Cinema seems to have finally realized that sailing is a spectacle that deserves to be brought to the big screen. Coming out in theaters Oct. 30 is “Last Summer,” filmed In Puglia aboard one of the most beautiful boats ever built, the 43-meter Wally Esense. It is a testament to the unusual attention that cinema is giving to the world of sailing. Just remember among recent releases “In Solitaire” which recounts a soloist’s adventure in the Vendèe Globe, the Round-the-World Sailing Race. Not to mention “All is lost” starring Robert Redford as an old sailor who travels the seas alone in his 12-footer and stumbles into a series of incredible adventures that lead him to find himself on a life raft. But let’s talk about this new film coming out.
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THE REAL STAR OF THE MOVIE IS THE BOAT
The real star of “Last Summer” is Esense, the 43-footer built by Wally Yachts to a design by Bill Tripp, a mix of elegance and technology, of essential luxury made of sand-colored teak and carbon. A unique sailboat, all the more so because the people who had it built entrusted the design to the style of Odile Decq. And it was on this one location that director Leonardo Guerra Seràgnoli shot Last Summer, his first feature film, written with cartoonist Igort and writer Banana Yoshimoto.
The whole film takes place on this boat that, for four days, sailing in the Salento sea, becomes the scene of a reconciliation and a farewell. The one between a mother, Naomi, a Japanese woman played by Rinko Kikuchi (the actress chosen by Iñárritu for the Japanese episode of Babel), and her six-year-old son Kenzaburo (Ken Brady, an English actor with a Japanese mother): as an effect of a troubled divorce, the court ruled that Naomi is not adequate as a mother, and so the child was given to his father’s rich and powerful family. These few days they will spend alone traveling on a boat are the last chance offered to mother and son to find each other before saying goodbye. “A boat like this gives the dimension of a very luxurious prison on which the drama of separation takes place. I liked the contrast between that chic atmosphere and the tragedy that takes place under the surface of beauty,” Seràgnoli says.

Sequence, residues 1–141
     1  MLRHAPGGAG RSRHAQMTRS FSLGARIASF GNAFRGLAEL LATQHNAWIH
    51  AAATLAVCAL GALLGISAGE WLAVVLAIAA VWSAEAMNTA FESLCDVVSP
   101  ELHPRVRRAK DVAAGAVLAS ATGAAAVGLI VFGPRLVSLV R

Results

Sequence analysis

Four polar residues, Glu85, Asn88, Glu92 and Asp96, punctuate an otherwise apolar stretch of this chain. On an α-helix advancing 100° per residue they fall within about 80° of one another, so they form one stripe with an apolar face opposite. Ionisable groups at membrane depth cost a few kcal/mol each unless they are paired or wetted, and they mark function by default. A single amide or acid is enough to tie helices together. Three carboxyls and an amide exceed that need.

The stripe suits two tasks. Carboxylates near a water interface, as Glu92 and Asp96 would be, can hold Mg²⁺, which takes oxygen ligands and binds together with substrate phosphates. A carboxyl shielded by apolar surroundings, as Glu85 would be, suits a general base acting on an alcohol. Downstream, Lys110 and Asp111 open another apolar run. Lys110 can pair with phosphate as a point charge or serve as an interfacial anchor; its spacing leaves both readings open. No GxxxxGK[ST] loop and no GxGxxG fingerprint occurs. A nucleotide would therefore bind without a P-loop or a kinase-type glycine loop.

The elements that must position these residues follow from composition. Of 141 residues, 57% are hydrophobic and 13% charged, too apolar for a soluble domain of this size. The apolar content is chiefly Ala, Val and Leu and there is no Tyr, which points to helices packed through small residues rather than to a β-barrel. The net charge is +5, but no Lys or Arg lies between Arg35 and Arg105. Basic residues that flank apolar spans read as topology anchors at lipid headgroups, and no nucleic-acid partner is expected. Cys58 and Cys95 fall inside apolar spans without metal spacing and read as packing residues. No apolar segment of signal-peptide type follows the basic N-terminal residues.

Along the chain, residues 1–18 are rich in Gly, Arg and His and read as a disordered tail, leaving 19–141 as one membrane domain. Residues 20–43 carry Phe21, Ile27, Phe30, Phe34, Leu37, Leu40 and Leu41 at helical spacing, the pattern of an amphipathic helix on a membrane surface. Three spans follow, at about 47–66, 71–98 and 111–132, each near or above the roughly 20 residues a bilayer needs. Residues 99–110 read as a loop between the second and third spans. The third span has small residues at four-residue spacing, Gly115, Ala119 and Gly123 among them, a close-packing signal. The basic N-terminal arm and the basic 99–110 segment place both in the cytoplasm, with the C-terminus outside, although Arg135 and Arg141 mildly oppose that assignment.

ESENSE, A MEGAVILLA BY THE SEA
Esense is a Wally 143 that went to sea in July 2007. The hull, is made entirely of pre-preg carbon, the design is by American Bill Tripp, from whom hulls such as the Baltic 50, numerous Uldb (Ultra Light Displacement Boats) and a series of megasailers all marked by the pursuit of speed. The interior design, on the other hand, is the work of an archistar: French architect Odile Decq, whose first experience in yachting is in yachting but, for example, she designed the Museum of Contemporary Art in Rome.
From these protagonists, combined with Wally-style, Esense, a unique boat, was born. Especially on deck, which, as Luca Bassani patron of Wally says, “is the big news of this boat.” Absolutely free, apart from the two wheelhouses with the instrument console in the center, Esense’s bridge has eliminated stanchions and draylines; all rigging is controlled by the “Magic Trim” system and only four winches at the foot of the mast. The only elements that interrupt the deck plan are the entry hatch below deck and the guest cockpit abutting the mast with a C-shaped sofa and table. In the stern is a terrace, which reaches 21 square meters, and the large glazed saloon.
57-meter carbon mast; self-tacking jib; boom with internal furler for mainsail; partially movable daggerboard (goes from four meters to six upwind); 3DL sails by North Sails; Harken deck equipment, Cariboni/Wally hydraulics. 140-ton sloop rigging including 48 tons ballast.
Capable, however, of racer-worthy performance, even though Esense has no regatta ambitions but Atlantic possibilities. And which, again on deck, has another surprise in store, with interior lighting prisms placed on the perimeter of the deck: “I wanted the light below deck to arrive obliquely thanks to the prisms placed on the deck,” points out Odile Decq, who set the rooms on space and brightness. Starting with the large aft salon with the glass window overlooking the terrace-a true loft on the sea. An open space in which, thanks to movable panels, two guest cabins can be made. A third is aft of the central technical room, which also houses the keel box and all systems. The owner’s suite, forward of the mast, also includes a music room and bathroom with tub, and occupies the area forward of the mast.